Louise’s hand embroideries

What happens first

Louise pencils her embroidery designs very quickly onto sample gowns. She thinks up the designs as she goes along, correcting here, changing there.

Her design is then transferred onto transparent paper, then onto a small machine which outlines the design in pin holes.

The transparent paper is then placed onto the sample gown. Special marking ink is wiped over the paper and the design is transferred through the pinholes onto the gown. The entire process is done by hand.

    

Favourite embroiderer.

Louise then takes the sample gown to her favourite hand embroiderer, Geeta, and they sit together in her house and work out the embroidery colours and techniques. When the sample is completed Louise takes it back to the sampling room at her factory  and the sample gown is pored over by production people.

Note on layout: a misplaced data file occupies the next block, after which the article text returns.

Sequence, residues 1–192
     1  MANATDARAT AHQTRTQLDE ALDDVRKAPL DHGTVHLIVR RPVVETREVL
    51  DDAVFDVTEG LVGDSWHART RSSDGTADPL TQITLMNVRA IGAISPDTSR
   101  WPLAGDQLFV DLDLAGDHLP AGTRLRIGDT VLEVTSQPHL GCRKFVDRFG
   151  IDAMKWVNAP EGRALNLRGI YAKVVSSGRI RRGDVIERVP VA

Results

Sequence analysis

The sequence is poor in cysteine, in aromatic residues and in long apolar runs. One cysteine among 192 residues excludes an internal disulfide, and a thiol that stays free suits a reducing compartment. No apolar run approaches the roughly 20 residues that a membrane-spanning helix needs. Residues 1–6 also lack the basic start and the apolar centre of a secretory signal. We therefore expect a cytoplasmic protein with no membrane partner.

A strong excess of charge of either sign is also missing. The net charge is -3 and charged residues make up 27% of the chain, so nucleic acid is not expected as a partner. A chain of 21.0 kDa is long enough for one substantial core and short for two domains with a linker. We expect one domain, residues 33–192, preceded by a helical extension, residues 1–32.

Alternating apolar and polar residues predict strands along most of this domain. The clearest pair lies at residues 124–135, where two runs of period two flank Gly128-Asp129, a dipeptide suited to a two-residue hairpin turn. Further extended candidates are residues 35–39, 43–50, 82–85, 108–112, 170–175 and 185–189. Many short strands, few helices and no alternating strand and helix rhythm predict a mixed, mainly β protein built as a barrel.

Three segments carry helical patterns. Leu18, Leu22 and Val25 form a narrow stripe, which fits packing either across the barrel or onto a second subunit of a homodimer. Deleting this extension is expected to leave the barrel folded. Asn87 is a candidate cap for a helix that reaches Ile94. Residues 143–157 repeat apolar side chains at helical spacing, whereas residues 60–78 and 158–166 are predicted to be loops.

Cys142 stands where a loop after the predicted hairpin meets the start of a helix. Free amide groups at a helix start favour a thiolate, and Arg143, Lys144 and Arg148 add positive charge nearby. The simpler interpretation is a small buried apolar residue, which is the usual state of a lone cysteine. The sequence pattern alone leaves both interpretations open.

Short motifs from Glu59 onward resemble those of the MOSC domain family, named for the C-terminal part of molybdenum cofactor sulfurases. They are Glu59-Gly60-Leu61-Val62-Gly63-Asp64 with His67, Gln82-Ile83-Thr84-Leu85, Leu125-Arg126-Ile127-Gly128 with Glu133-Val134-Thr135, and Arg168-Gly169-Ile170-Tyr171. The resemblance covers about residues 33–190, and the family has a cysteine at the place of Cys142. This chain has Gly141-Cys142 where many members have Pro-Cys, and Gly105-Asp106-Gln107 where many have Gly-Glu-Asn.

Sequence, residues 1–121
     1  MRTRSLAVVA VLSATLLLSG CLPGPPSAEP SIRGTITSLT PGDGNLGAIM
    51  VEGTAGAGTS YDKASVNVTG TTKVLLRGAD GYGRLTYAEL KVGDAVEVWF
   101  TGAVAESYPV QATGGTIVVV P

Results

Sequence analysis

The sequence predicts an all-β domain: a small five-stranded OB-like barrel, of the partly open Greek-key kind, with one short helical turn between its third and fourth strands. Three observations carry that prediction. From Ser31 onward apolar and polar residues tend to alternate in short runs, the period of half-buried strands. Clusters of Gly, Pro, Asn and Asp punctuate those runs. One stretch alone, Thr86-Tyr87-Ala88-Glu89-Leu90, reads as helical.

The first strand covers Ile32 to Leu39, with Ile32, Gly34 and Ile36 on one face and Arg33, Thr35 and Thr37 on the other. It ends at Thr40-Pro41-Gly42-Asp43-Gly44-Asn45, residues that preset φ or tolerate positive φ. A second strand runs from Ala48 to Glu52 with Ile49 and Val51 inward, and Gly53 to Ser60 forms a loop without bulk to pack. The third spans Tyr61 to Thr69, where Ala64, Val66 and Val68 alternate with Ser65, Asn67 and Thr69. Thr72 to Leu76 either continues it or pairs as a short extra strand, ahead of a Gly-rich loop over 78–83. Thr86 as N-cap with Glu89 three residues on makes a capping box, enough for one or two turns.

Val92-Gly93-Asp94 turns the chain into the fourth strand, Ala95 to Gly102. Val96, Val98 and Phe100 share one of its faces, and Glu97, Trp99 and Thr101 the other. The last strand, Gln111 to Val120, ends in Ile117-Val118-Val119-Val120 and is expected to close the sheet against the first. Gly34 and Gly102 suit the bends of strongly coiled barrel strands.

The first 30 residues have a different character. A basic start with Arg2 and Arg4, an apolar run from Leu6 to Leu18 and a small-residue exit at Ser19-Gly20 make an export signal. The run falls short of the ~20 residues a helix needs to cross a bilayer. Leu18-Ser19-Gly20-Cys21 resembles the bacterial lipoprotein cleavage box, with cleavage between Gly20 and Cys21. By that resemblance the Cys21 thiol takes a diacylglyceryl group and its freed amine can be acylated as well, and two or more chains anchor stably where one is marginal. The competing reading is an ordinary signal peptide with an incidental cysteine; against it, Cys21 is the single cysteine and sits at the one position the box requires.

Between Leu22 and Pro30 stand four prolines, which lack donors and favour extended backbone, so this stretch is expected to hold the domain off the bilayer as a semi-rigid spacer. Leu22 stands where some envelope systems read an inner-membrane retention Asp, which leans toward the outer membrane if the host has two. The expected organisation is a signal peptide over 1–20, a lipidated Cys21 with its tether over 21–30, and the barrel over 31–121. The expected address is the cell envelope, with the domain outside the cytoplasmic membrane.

What happens next.

The embroidery design is transferred by hand onto each individual gown using the transparent paper and ink  techniques we have described.  Louise orders at least 50 to 100 gowns per design, so this process takes a lot of time. Gowns are then bundled up and taken to the embroidery ladies who mostly work at home. Certain ladies specialise in different embroidery techniques. Some love smocking. Others love bullion roses or satin stitch. Hand embroidery can take up to 7 -10 days per gown. Louise has hundreds of ladies working on her production.

Washing and finishing.

When the embroidery is completed the  gowns are  brought back to Louise’s factory. They are laid out on long tables according to sizes.  Quality controllers then inspect them for loose threads, double seaming, reinforced side splits, perfect smocking and the quality of the embroidery.

Gowns are then washed, ironed, packed in boxes and sent by air to Louise’s agent at Sydney airport.

And happy  is the moment when the boxes are opened and Louise plunges her hand in and grabs the first gown to see if it is exactly as she wanted it. Relief when it passes muster. gnashing of teeth if she finds something wrong. C ‘est   la vie!